5 New Ways of Making Good Use of Carbon Waste

Air Company, the world’s leading carbon technology company that creates carbon-negative alcohols and fuels from CO2, diversifies the carbon removal market by producing products such as AIR eau de parfum, AIR vodka, AIR hand sanitizer, and sustainable aviation fuel (SAF). By using a proprietary technology called a Carbon Conversion Reactor—which mimics photosynthesis using only air (CO2), water, and sun (renewable energy) to create carbon-negative alcohols and fuels from CO2—Air Company is redefining what a regenerative future that works with nature, rather than against it, could look like.

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While creating new technologies is one thing, promising scalability is something else entirely. And the latter is what will truly make a difference in the fight against climate change. Scaling carbon removal technology requires a strategic approach that not only disrupts traditional polluting technologies, but also invites them into the process of cleaning up their emissions in a cost-effective way. Carbon Optimum, for example, does this by putting their tanks next to cement and steel plants at no cost to the manufacturers.

As consumers and investors are becoming more discerning about manufacturing’s role in the climate crisis, telling an accurate and exciting story can make all the difference. “These companies can use [our tanks] for their marketing if they want. And, best of all, we’ll show up and do it for free,” Huang says. According to Huang, once a company agrees to place a tank in their location, Carbon Optimum can get the tank up and running within 30 days. “Where we make our profit is by selling the by-product,” Yao says.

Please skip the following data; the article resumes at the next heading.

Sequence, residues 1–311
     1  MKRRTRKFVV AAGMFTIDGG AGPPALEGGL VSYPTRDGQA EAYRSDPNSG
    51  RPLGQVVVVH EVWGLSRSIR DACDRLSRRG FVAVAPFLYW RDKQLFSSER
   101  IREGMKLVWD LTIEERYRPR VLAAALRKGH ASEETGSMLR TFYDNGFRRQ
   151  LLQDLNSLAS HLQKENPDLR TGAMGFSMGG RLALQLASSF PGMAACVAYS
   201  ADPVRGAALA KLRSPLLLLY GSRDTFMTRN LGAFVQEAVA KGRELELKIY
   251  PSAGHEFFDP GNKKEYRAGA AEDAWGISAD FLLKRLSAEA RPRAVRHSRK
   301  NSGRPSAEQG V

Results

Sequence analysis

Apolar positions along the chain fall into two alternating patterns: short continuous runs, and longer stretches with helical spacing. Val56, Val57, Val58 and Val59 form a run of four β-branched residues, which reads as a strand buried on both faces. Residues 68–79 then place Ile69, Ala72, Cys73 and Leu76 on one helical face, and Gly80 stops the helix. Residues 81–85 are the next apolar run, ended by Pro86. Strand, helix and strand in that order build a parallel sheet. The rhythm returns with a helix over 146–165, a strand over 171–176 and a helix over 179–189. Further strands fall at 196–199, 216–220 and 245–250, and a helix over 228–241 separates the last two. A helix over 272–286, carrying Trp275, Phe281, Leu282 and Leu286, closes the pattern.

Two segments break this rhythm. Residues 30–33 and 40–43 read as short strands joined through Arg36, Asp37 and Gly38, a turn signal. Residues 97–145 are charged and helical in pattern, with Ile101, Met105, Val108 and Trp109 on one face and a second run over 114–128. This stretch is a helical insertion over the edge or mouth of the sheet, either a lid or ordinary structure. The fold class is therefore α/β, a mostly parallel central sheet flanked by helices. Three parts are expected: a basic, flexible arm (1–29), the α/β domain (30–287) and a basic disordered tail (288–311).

Thalo Labs’s cutting-edge reduction platform combines proprietary sensing, software, and capture systems to bring decarbonization tools previously reserved for utility-scale power plants to the built environment. “The built environment is responsible for, depending on which study you look at, usually the first or second worst total amount of greenhouse gas emissions globally,” says Brendan Hermalyn, CEO and founder of Thalo Labs. “We’ve created a platform that works with buildings to help reduce the size of emissions coming out of buildings.”

Thalo uses their hardware to collect and share real-time data, which they share with building operators as customized, actionable insights to improve building operations. “The problem with doing carbon capture really isn’t necessarily the actual physical activity of the capture. It’s really about doing it in a way that is measurable. This way, you can understand exactly how much you have captured in a net sense, including all the things that happen upstream and downstream,” Hermalyn says. “But it’s also very important to do it in a net negative way, right? Where you don’t spend five tons of emissions to capture one ton of emissions.”

“We’ve been working with the Empire State Building. And we made some Christmas ornaments out of carbon dioxide that was captured in the Empire State Building,” Hermalyn says. And while that is a good start, for Thalo, the focus isn’t the Christmas ornaments. “Our focus is on the ways in which we can interrupt a supply chain, use that supply chain material to capture and remediate CO2, and then reinject that [captured CO2] into the supply chain, just like any other material.”

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